I often see strange things while running though I’m rarely in any sort of danger. One run stands out in my mind as being packed full of notable events. I was running along the Erie Canal Trail as I often do. Unfortunately I was alone for this run, abandoned by friends and coworkers. They missed out on an eventful run and also don’t believe all of my stories.
The run started out normal until I saw a what I initially thought was a large snake swimming in the canal directly towards me. This snake was obviously ready to attack and knew of my snake phobia. Why else would it so effectively track me as I ran by? As I looked closer I wondered how there could be such a large snake in this area of the country. Just then the snake split into three snakes! I knew then that it couldn’t be a snake. It was actually mink swimming in attack formation. First they disguised their numbers by swimming in single file and pretending to be a snake. Then for the second phase of their attack two of them flanked off while the one in the center distracted me. I was lucky to get out of there alive.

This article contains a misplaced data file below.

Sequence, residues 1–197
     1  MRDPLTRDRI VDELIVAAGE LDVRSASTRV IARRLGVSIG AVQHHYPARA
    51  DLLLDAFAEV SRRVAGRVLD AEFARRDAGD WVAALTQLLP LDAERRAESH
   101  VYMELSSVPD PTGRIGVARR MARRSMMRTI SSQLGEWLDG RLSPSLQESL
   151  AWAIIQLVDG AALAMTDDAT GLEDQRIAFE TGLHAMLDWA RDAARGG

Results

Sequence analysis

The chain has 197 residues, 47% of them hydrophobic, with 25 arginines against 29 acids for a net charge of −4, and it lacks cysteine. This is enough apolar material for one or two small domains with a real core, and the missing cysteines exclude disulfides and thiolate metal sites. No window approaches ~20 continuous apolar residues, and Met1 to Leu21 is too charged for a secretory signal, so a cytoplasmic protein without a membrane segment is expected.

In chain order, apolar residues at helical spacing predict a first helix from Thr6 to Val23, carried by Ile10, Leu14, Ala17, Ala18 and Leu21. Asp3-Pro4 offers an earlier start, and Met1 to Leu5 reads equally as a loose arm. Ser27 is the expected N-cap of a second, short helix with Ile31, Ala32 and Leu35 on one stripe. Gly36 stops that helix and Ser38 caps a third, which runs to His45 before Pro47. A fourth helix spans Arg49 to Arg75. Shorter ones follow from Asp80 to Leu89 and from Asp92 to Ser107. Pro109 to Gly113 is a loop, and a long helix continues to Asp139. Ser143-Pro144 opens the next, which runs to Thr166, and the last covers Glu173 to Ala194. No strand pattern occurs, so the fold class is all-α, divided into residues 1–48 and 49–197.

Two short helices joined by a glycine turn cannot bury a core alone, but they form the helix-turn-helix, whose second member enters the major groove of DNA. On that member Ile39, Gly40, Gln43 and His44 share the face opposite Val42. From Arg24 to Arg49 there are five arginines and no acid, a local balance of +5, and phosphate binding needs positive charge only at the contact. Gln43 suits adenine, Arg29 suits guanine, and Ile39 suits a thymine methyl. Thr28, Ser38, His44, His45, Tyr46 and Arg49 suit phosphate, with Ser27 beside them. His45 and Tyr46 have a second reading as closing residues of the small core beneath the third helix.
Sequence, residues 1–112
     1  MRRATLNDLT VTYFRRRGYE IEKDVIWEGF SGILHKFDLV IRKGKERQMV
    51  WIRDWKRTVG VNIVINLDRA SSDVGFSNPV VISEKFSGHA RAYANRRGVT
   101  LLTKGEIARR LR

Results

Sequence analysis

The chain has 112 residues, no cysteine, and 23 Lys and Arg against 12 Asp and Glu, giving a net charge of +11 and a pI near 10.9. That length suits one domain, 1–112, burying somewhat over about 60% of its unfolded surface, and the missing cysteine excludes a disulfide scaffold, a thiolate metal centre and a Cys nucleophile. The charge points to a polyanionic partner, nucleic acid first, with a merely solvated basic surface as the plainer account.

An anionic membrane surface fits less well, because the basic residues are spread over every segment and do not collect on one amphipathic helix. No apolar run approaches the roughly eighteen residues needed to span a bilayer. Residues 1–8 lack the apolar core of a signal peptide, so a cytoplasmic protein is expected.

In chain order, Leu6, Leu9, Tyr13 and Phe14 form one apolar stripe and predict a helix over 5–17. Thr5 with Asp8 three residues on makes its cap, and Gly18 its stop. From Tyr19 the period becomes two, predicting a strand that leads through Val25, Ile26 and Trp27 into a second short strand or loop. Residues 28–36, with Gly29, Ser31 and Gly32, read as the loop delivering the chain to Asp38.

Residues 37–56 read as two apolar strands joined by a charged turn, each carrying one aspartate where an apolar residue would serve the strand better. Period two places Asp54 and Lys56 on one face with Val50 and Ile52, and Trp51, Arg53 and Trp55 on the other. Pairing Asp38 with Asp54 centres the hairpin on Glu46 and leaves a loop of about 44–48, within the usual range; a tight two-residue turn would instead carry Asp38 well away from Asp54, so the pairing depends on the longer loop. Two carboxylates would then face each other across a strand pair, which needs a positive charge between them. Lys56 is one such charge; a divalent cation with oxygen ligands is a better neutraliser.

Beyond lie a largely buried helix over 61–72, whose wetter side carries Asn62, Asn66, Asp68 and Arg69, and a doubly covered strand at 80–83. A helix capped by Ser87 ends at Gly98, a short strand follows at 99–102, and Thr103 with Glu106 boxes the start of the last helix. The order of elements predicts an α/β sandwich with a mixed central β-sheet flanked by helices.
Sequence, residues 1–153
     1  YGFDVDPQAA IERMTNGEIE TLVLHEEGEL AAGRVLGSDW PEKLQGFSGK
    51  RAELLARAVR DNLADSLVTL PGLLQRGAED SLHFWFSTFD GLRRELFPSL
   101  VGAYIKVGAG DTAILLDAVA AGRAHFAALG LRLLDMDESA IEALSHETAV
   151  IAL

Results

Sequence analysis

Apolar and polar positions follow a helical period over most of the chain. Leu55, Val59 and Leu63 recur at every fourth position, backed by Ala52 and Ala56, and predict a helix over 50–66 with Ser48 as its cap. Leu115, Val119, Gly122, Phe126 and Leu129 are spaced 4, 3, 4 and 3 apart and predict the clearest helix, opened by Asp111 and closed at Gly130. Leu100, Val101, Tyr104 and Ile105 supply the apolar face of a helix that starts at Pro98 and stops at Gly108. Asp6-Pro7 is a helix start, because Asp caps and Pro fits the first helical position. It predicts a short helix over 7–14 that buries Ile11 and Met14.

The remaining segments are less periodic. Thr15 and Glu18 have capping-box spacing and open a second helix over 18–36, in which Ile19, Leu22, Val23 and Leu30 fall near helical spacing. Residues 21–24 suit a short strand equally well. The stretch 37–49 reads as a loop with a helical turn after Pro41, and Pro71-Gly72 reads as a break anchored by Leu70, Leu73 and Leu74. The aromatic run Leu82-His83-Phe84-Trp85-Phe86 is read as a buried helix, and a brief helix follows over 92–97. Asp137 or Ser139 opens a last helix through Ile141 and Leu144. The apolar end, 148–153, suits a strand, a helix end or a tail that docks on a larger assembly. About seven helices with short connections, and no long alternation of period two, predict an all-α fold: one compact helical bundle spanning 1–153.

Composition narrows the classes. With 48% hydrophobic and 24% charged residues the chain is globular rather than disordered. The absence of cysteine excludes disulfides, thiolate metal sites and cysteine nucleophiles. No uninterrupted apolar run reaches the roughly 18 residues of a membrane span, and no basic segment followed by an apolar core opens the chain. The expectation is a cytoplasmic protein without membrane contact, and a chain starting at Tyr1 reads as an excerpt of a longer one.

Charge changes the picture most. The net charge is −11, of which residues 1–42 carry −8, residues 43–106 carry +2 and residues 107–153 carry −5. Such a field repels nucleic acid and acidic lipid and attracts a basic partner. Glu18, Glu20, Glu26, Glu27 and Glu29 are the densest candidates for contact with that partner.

Having narrowly escaped death I didn’t expect another brush with death so soon. Odds just don’t work that way. If you are struck by lightning you probably won’t get struck again a week later…probably. Imagine my surprise as I rounded a corner underneath a bridge when a menacing teenager (get off my lawn!) whizzed by me nearly catapulting me into the canal. Once again I had escaped death.
For a couple of miles I was OK. On the very last mile I had my closest brush with death. There I saw a man walking two dogs. Normally I’m cautious around dogs but these looked nice enough and their owner was right there. Once again assuming that I could not have another close encounter of the death kind I didn’t announce that I was approaching (I usually give a friendly shout so dog owners can get their beats under control). These dogs weren’t leashed. One of the dogs didn’t mind me but the other did. It turned into a land shark and started running around me in circles barking and growling. I stopped dead in my tracks waiting for the owner to get the dog under control. Before the owner leashed the dog I was almost bitten. The dog scratched me but it was so minor that it didn’t even leave a mark. Once again I saw the face of death and yet I escaped unharmed.
Ye though I run through the valley of the Erie Canal I will fear no mink, geese, cyclists, nor dogs for I have escaped them and I shall again and again.